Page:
It was Thursday. The autumn was as usual but in Wall Street, however, the density of the atmosphere could be cut with a razor.
During the past eight years, the so-called happy twenties, the growth in stock prices had attracted an irregular number of investors. Most had no idea how it works, the only thing they knew is they can buy a stock and after a while the price rose giving you immoral earnings. Like a Ponzi scheme. However, since a few months ago, the Dow Jones showed irregular movements.
The '20s had shown generally very good numbers for the economy. American industry took advantage of the destruction of the installed capacity of Europe after the First World War. Also agricultural production driven by rising global demand, but unlike the industry, prices of goods produced by the primary sector of the economy remained depressed. Keep in mind that U.S. territory was not theater of the conflagration in Europe while the trench warfare destroyed the industry and agricultural production. Recovery was not easy, especially for Germany, whose surrender of Versailles established the armistice that forced him to a level of compensation for the victors of the war that almost unfits to recover their production levels. Germany was obliged to pay annual compensation of 1,200 million gold francs. United States, Australia and Japan industry could leverage their production intact to hold the market Europeans could not recover after the war.
In America euphoria danced accompanied by new rhythms of Charleston, in dance halls and jazz in the basement of slums all of them fueled by illegal alcohol from Canada. Very few expected the economic disaster that hit like an asteroid in Wall Street.
The week before the fateful Thursday 23 October 1929, the stock exchange in New York suffered an unusual stock sale. This was the first tremor, a first bell that announced the tragedy. On Thursday, 24 October, known as the black Thursday, it went on sale 13 million shares below their value in the absence of an equal number of buyers. That day the police charged investors surrounding the building of the stock exchange in New York. It seemed that it has touched the bottom. By Friday it seemed that the worst was over. There was a stabilization result of the acquisition of a large number of shares above their price by an agent working for banks, by agreement of the Chase Manhattan Bank, JP Morgan Chase and National City Bank, which together put money to buy shares above its value, to try to reassure investors and avoid the anxiety that a stampede of sellers as the best style of the wild west.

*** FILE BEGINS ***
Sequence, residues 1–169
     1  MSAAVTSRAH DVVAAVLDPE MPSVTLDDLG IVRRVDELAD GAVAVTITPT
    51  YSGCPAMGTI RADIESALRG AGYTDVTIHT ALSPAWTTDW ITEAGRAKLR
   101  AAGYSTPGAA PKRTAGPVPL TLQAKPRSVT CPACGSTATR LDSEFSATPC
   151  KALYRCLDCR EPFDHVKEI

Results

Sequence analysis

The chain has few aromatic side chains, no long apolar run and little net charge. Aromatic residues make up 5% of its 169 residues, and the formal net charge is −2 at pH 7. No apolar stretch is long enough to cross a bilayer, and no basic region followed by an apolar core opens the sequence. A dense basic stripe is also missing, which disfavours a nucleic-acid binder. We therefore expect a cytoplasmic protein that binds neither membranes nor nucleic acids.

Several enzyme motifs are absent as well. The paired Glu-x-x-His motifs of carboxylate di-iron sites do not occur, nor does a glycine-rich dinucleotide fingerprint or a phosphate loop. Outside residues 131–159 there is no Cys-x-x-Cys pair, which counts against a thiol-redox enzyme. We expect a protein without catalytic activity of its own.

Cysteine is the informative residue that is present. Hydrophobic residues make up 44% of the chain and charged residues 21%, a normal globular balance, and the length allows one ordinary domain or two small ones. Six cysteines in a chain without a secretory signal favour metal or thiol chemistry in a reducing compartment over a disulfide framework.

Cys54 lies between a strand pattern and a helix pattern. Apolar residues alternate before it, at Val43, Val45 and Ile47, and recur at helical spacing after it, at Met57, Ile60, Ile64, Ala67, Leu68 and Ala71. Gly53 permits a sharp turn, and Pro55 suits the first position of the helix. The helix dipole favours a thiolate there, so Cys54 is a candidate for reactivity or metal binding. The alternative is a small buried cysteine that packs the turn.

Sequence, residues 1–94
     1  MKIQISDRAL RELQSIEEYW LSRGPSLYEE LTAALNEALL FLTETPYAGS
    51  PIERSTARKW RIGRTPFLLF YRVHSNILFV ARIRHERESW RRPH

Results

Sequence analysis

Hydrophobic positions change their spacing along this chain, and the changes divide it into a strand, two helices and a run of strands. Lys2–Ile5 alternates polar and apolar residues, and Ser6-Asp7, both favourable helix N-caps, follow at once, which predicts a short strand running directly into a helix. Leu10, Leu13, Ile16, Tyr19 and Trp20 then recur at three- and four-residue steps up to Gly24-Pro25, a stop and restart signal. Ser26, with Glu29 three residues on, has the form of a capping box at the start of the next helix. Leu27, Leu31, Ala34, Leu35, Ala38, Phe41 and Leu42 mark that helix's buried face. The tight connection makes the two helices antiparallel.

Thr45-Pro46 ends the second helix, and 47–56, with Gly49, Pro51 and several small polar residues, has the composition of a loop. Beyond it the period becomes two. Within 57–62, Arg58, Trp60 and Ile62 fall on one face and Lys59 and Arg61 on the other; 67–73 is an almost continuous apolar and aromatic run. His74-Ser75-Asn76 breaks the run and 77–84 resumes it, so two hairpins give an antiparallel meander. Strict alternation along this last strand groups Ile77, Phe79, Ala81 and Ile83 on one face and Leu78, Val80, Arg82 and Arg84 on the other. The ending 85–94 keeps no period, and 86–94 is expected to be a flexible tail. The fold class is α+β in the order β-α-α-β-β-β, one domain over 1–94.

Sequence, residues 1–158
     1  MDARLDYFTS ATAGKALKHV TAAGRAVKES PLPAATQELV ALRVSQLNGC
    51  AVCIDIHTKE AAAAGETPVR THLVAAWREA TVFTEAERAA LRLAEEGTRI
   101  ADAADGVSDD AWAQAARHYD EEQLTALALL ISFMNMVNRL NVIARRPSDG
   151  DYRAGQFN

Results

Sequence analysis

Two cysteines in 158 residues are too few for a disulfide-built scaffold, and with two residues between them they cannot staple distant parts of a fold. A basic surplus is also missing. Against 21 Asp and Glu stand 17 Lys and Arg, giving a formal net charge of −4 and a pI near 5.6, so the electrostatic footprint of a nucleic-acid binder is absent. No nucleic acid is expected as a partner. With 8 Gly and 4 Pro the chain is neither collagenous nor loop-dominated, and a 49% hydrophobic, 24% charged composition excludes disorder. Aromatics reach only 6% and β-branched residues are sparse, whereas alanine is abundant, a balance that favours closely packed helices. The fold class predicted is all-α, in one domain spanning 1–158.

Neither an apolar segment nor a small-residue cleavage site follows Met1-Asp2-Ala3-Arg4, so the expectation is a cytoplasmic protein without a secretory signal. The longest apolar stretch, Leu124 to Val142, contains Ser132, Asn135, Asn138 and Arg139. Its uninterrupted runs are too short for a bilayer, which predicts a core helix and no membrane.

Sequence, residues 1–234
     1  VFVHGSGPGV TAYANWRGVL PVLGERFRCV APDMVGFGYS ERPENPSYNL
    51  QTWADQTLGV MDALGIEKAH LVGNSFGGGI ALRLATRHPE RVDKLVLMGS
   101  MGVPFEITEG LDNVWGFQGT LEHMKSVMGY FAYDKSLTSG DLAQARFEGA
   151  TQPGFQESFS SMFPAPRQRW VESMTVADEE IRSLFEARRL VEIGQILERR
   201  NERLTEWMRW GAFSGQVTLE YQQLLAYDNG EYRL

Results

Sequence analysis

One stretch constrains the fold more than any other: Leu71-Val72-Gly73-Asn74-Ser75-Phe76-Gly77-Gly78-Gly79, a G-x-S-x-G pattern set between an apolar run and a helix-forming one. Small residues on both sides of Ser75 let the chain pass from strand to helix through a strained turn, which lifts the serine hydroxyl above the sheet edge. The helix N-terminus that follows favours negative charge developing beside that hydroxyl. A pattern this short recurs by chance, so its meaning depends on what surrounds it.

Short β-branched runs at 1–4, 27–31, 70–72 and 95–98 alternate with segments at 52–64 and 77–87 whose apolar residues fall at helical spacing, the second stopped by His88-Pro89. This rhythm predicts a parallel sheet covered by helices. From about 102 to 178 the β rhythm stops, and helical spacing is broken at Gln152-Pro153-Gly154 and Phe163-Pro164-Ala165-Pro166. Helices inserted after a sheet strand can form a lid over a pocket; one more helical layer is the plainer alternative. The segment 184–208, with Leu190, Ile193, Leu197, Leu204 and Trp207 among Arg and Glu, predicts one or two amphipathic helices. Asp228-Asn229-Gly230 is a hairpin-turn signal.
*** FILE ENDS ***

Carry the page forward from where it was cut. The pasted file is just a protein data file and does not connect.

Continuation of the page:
On Monday 28 the Dow Jones average fell 13%. On Tuesday 29 were placed on sale 33 million shares. The panic was already uncontrollable. A human tide was trying to sell their shares at any price. Ruined investors fell down from skyscrapers; people took their savings from banks. When finally the smoke cleared no less than 32,000 businesses had disappeared, some 2,000 banks had closed, more than one million investors had lost all their savings, 25% of the economically active population was unemployed, industry contracted by 50%, world trade 66%. The Dow Jones fell by 89%. The stock prices fell to a level that regains its pre-depression value until 1954.
The stock market is not what caused the Great Depression. It is just a mirror of what happens in the economy. Several factors were the triggers that led to the crisis: the not well distribution of income, an increase in production that reached the level of not having a counterpart in demand, this led to an increase in inventories primarily by the inability of Europe to continue buying products caused by the increase in import fees in the United States that contracted export and therefore their purchasing power. The states were using an economic model based on the premise that increasing exports and reducing imports was best for strengthening the domestic economy. And it was for a time, until the reduction of imports weakens the countries to which exports are restricted, then the reduction of their purchasing bounds back as a ball.
The Great Depression was also held by the insistence on continuing with an exhausted model, the liberal model for whom the concept of "laissez faire" determined that the most appropriate to the crisis was simply doing nothing ... the invisible hand would provide that after the crisis came a turning point that changed the sign of the curve leading inexorably toward recovery and return to the boom.
But the invisible hand was never seen. First because it was invisible and secondly because investors finally, those who survived the Great Depression, would not risk falling into the list of suicides by investing in an economy in recession. Instead they preferred to wait crouched, dead quiet, the economy improved at the expense of other capitalists.
It was not the invisible hand, but John Maynard Keynes who finally managed to fix the global crisis. But that's another story.